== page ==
6. Philo of Alexandria, On The Special Laws, 1.66 (1st cent. BCE - 1st cent. CE)

1.66. We ought to look upon the universal world as the highest and truest temple of God, having for its most holy place that most sacred part of the essence of all existing things, namely, the heaven; and for ornaments, the stars; and for priests, the subordinate ministers of his power, namely, the angels, incorporeal souls, not beings compounded of irrational and rational natures, such as our bodies are, but such as have the irrational parts wholly cut out, being absolutely and wholly intellectual, pure reasonings, resembling the unit.
7. Philo of Alexandria, On The Life of Moses, 1.111, 2.99 (1st cent. BCE - 1st cent. CE)

1.111. and in the second place, let him also learn a lesson which is necessary to be learnt, and applicable to every condition and age of life; and what is the lesson? This; that men, when they make war, seek out the most mighty powers to gain them over to their alliance, such as shall make amends for their own want of power: but God, who is the supreme and mightiest of all powers, having need of no assistant, if ever he desires to use any instruments as it were for the punishments which he desires to inflict, does not choose the most mighty or the greatest things as his ministers, since he takes but little heed of their capacity, but he uses insignificant and small agents, which he renders irresistible and invincible powers, and by their means he chastises those who do wrong, as he does in this instance 2.99. But I myself should say, that what is here represented under a figure are the two most ancient and supreme powers of the divine God, namely, his creative and his kingly power; and his creative power is called God; according to which he arranged, and created, and adorned this universe, and his kingly power is called Lord, by which he rules over the beings whom he has created, and governs them with justice and firmness;
8. Philo of Alexandria, Questions On Exodus, 2.68 (1st cent. BCE - 1st cent. CE)



Subjects of this text:

subject book bibliographic info
appropriation (see οἰκείωσις) Hirsch-Luipold, Plutarch and the New Testament in Their Religio-Philosophical Contexts (2022) 136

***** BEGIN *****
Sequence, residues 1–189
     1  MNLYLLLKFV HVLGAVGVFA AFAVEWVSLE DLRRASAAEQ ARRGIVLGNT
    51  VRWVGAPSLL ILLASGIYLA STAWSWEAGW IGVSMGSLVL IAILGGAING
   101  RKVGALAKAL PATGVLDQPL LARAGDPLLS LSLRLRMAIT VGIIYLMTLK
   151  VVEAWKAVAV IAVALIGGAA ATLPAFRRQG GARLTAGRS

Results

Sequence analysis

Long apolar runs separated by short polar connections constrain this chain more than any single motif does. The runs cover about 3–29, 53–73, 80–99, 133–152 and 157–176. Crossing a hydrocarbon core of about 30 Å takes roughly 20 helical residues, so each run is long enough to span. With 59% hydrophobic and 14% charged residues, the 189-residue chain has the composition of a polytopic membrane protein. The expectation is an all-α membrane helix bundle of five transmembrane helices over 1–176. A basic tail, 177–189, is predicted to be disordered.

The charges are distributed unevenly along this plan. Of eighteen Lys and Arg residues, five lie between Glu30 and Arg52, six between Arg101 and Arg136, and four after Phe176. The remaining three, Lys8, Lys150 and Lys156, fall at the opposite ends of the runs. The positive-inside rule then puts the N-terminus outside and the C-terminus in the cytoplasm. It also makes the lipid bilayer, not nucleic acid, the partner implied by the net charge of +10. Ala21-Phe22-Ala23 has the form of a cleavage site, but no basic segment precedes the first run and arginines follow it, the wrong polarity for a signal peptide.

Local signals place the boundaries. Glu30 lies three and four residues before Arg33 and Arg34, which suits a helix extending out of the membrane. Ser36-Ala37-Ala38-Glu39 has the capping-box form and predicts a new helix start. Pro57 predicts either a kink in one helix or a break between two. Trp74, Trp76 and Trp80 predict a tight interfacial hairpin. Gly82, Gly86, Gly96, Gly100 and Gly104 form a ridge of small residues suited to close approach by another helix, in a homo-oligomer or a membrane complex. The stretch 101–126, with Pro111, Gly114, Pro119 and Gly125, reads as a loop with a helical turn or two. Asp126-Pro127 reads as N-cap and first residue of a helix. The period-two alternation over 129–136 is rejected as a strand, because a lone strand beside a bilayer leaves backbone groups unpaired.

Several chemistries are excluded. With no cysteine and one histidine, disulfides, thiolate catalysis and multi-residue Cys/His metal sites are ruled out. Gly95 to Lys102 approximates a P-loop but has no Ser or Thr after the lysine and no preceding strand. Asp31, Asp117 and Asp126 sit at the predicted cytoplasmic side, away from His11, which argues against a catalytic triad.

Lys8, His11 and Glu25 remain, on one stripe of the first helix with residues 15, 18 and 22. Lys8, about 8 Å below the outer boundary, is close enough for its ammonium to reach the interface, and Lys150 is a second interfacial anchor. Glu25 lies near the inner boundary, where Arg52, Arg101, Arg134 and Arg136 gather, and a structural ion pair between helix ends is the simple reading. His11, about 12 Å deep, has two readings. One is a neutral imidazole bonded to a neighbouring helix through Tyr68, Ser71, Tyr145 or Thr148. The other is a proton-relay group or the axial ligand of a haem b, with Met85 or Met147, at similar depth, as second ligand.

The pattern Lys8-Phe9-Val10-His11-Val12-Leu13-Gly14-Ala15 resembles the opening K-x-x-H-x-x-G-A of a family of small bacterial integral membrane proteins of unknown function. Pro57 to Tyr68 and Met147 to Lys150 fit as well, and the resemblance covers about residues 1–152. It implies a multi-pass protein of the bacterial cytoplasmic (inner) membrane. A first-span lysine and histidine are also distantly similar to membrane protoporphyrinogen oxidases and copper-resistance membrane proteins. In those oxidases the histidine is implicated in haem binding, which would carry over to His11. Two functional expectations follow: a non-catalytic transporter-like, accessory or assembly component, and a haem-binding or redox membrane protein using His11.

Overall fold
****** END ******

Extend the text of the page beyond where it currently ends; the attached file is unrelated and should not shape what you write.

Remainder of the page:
being (ὁ ὤν / τὸ ὄν) Fialová Hoblík and Kitzler, Hellenism, Early Judaism, and Early Christianity: Transmission and Transformation of Ideas (2022) 15
christianity, christians Hirsch-Luipold, Plutarch and the New Testament in Their Religio-Philosophical Contexts (2022) 136
cloud man, merkavah imagery related to Heo, Images of Torah: From the Second-Temple Period to the Middle Ages (2023) 288
first cause Heo, Images of Torah: From the Second-Temple Period to the Middle Ages (2023) 288
merkavah imagery, devekut to Heo, Images of Torah: From the Second-Temple Period to the Middle Ages (2023) 288
philo of alexandria Fialová Hoblík and Kitzler, Hellenism, Early Judaism, and Early Christianity: Transmission and Transformation of Ideas (2022) 15; Hirsch-Luipold, Plutarch and the New Testament in Their Religio-Philosophical Contexts (2022) 136
plato Fialová Hoblík and Kitzler, Hellenism, Early Judaism, and Early Christianity: Transmission and Transformation of Ideas (2022) 15
power (δύναμις) Fialová Hoblík and Kitzler, Hellenism, Early Judaism, and Early Christianity: Transmission and Transformation of Ideas (2022) 15
prophecy, mosaic Heo, Images of Torah: From the Second-Temple Period to the Middle Ages (2023) 288
tabernacle Heo, Images of Torah: From the Second-Temple Period to the Middle Ages (2023) 288
transcendence (of god)' Fialová Hoblík and Kitzler, Hellenism, Early Judaism, and Early Christianity: Transmission and Transformation of Ideas (2022) 15
transcendence / immanence Hirsch-Luipold, Plutarch and the New Testament in Their Religio-Philosophical Contexts (2022) 136